Good quarterbacks are much more than passers. They are leaders who instill confidence and make teammates play better together than the sum of their individual talents. Great quarterbacks insist on it.
Of course, an accurate throwing arm is a prerequisite to teammates buying into this leadership thing. But there are a lot of passers with strong, accurate arms who do not have what it takes to become leaders or great quarterbacks. Jeff George and JaMarcus Russell come to mind.
Looking at the current crop of NFL quarterbacks -- which Sports Xchange reporters did in this analysis of the entire league -- it is possible this may someday be considered a golden era for quarterbacks, not just because evolving rules are creating an aerial circus, but due to the unusual number of quarterbacks displaying both leadership and passing worthy of Hall of Fame consideration.
Peyton Manning, who transferred his astute leadership from Indianapolis to Denver, is clearly the best of the bunch heading into the 2014 season after throwing for a record 55 touchdowns and 5,477 yards last year.
On Wednesday, NFL Network revealed that a vote of players (481 of them to be exact) correctly named Manning as the best player in the league. And while there have been a lot of great quarterbacks and leaders in NFL history, none displayed such a complete mental, physical and psychological control of the game as Manning.
But he alone would not make this a golden era for quarterbacks. There are at least three more with similar traits who were the second, third and fourth quarterbacks named in the NFLN poll, all among the top 11 overall -- New England's Tom Brady, New Orleans' Drew Brees and Green Bay's Aaron Rodgers.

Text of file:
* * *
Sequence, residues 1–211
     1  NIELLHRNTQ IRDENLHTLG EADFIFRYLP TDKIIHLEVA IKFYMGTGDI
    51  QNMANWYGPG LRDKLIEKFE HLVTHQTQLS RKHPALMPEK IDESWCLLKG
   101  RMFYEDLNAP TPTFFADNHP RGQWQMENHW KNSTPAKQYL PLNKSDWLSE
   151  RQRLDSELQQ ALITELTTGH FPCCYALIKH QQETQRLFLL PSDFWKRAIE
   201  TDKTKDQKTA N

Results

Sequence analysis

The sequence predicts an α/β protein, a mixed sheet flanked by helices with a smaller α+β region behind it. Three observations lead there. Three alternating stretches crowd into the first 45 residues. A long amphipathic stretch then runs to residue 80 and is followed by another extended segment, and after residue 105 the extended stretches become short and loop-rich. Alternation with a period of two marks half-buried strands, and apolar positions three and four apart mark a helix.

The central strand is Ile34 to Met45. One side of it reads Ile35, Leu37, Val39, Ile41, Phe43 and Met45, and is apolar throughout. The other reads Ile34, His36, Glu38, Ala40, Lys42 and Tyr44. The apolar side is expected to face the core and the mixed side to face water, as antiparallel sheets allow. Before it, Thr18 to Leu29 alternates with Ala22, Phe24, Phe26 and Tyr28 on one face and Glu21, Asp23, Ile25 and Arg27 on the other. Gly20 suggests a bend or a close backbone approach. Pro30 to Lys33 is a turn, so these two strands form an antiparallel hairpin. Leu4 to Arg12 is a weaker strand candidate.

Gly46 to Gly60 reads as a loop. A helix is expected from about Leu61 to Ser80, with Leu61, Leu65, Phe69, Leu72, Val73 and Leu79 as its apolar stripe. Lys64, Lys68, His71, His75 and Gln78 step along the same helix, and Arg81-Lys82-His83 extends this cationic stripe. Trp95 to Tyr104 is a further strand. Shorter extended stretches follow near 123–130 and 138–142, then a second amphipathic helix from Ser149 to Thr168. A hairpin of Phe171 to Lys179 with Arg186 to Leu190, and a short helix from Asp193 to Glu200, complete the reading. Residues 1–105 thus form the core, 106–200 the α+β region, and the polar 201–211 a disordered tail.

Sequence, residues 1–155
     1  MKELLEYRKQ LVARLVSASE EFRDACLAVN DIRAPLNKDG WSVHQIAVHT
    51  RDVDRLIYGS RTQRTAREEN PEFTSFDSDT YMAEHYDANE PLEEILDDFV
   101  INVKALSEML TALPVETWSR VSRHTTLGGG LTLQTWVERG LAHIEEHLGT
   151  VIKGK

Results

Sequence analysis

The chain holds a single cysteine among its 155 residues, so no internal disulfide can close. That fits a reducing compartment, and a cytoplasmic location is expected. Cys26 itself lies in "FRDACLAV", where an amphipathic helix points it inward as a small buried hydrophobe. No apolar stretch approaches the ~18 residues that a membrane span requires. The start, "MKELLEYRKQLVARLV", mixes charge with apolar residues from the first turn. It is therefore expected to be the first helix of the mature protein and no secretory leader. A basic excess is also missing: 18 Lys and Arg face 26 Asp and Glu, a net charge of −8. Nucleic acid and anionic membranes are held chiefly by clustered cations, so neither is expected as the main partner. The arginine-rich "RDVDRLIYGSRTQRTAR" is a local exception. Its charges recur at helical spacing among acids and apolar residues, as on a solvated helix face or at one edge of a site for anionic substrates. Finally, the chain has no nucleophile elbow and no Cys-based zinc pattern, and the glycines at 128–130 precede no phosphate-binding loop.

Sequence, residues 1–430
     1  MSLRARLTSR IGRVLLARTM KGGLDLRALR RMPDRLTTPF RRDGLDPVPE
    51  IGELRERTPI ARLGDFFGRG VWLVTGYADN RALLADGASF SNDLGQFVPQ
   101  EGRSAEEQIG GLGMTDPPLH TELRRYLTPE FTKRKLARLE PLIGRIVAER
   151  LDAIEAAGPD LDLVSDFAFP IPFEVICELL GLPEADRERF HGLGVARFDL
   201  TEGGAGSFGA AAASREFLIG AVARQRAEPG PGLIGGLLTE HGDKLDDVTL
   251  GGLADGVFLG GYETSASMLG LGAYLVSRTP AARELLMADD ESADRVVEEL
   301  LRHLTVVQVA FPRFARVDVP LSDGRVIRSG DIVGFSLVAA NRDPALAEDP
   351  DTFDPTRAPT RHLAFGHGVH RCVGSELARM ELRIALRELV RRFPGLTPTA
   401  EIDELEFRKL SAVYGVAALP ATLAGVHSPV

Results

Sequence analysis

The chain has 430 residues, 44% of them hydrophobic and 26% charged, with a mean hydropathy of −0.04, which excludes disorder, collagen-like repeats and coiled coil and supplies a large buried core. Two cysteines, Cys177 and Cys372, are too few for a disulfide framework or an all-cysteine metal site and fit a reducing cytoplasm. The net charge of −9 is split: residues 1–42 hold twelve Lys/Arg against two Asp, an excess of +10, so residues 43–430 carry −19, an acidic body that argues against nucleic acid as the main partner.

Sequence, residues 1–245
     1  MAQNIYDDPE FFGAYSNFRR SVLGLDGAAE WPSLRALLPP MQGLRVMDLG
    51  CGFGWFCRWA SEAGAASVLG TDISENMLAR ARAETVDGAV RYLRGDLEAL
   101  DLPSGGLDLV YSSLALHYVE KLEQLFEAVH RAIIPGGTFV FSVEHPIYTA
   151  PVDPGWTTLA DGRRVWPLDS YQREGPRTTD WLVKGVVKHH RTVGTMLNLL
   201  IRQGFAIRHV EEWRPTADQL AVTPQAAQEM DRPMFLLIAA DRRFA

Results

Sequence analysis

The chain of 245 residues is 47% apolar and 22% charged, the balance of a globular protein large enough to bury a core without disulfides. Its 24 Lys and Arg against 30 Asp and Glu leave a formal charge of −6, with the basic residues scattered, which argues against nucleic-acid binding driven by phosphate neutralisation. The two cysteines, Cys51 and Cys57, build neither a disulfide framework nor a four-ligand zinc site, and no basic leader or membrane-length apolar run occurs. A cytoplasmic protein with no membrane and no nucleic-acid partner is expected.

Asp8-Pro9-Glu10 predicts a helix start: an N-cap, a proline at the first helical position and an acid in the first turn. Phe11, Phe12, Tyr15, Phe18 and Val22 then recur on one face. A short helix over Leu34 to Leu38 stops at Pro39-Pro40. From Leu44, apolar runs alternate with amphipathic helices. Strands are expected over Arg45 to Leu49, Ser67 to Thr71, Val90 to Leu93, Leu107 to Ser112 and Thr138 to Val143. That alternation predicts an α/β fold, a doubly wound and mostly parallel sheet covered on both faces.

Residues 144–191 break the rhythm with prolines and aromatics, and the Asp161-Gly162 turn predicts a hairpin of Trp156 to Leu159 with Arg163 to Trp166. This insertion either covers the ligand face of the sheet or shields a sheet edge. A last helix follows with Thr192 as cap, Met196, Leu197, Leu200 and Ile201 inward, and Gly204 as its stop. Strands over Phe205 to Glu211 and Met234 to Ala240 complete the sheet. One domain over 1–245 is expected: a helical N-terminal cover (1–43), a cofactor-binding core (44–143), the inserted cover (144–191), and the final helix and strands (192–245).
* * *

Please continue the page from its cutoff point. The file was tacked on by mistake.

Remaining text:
That, in itself, would be enough to gild this group with gold, but there are another couple of veterans who may be only one more Super Bowl away from strong Hall of Fame consideration -- Pittsburgh's Ben Roethlisberger and San Diego's Philip Rivers.
Looking into the more distant future there are a few impressive young quarterbacks who may be in a HOF discussion someday, such as (in no particular order) Seattle's Russell Wilson, who has one Super Bowl ring after only two seasons; Indianapolis' Andrew Luck, the Colts' latest version of Manning, and maybe Carolina's athletic wonder, Cam Newton.
In four of the last five seasons, at least nine quarterbacks threw for more than 4,000 yards and last year two threw for more than 5,000, including Brees, whose single-season record Manning broke by one yard.
Brees extended his NFL record for most 5,000-yard seasons with his NFC-best 5,162 yards. He has thrown for 4,000 yards in eight straight seasons and has four of the eight 5,000-yard seasons in NFL history.
To put it all in historical perspective, the highly revered Hall of Fame quarterback Joe Namath (New York Jets) was the first quarterback in pro football history to throw for 4,000 yards in a season when he managed 4,007 yards in 1967 -- in a 14-game season, still in the old American Football League, but when it was legal to mug receivers and quarterbacks.
We can only wonder how Namath would do in today's game, which is far faster and complex, but with rules that favor passing.